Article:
One of the things one could wish about this Nooma series is that we knew more about the background music. But we may be thankful at least that we have subtitles to these films for those who are hearing impaired, so we must take what we can get. In Nooma 11 (‘Rhythm’) music comes out of the shadows and literally takes center stage, becoming the central metaphor for this particular film. It is filmed in a beautiful concert hall and centers around a rehearsal of a piece of music. This choice of metaphor is not surprising since Rob is a musician (indeed he is left handed and right brained, which this reviewer finds particular resonance with ).
The film begins, as several of them do, with certain misconceptions or limited conceptions about God. Rob relates how one person said that God helped them get a parking space one day, or another tells how they had been healed by God. As Rob rightly asks, this raises more questions than it answers about God--- like where was God when some real catastrophe killing many happened? Why did God heal this good person, but not that one? It would seem that God would have better things and bigger things to do with his time than to produce the occasional small miracle or serendipity. Rob sees this whole concept of a God who is distant and occasionally intervenes all wrong. He is struck by the fact that the Biblical writers believe God is everywhere, all the time—as the Psalmist says “where shall I flee from your spirit? If I go down into the land of the dead—lo you are even there”.
And so Rob draws analogy between the presence of God and their being a song which we all hear, sometimes hum, and if we are intentional occasionally sing on key with. Rob sees this life as an exercise of trying to get in tune with the song that is playing everywhere for everyone. He is not the first to have thought of this. John Donne in his famous poem “To God my God in my Sickness” says that when he faced death and “was about to be made God’s music” he thought beforehand how he ought to tune his instrument, so he could play well in his Majesty’s presence. We see here a strong stress on the imminence of God rather than God’s transcendence, and it is helpful. But most fundamentally we see a getting beyond the Enlightenment and Deistic image of a God who created a universe and then left it to its own devices, except for the occasional capricious and unpredictable intervention It was George Herbert, another English cleric who said that prayer itself is like a tune “we all hear and fear”. Rob would add—so is God.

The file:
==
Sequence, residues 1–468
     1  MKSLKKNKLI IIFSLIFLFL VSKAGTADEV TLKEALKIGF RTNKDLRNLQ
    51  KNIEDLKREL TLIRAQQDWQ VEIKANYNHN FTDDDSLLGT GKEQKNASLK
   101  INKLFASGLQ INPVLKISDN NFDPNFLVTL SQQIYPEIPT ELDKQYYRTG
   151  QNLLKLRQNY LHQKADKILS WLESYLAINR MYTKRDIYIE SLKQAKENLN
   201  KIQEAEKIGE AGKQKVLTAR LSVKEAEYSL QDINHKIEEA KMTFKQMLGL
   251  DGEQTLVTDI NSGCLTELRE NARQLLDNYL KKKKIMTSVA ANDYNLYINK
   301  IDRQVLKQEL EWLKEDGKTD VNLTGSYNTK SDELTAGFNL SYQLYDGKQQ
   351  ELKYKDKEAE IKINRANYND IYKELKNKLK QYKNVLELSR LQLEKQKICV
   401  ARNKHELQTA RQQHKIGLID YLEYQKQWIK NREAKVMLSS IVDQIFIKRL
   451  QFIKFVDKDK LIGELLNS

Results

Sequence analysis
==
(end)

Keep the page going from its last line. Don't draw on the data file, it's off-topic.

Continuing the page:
I must confess to you that I was not prepared for Nooma 12—Matthew. This is the most personal of all the Nooma videos in which Rob recounts, and re-grieves the loss of someone he loved—a young man named Matthew. Here we see in living color Rob’s genuine love for his friends, and therefore the great sense of loss he still bears because of the untimely death in 2004 of a brilliant young man named Matthew, whom Rob had taken into his home in
‘Rich’ is Nooma 13, and now we have gotten to videos shot in 2005 and 2006. This video first of all makes clear that by world standards almost all Americans, at least all that have a roof over their heads, jobs, and a car are rich. Rob tells us only 8 per cent of the world owns cars. I suspect that statistic is low, but even so, you get the drift. What he is certain right about is that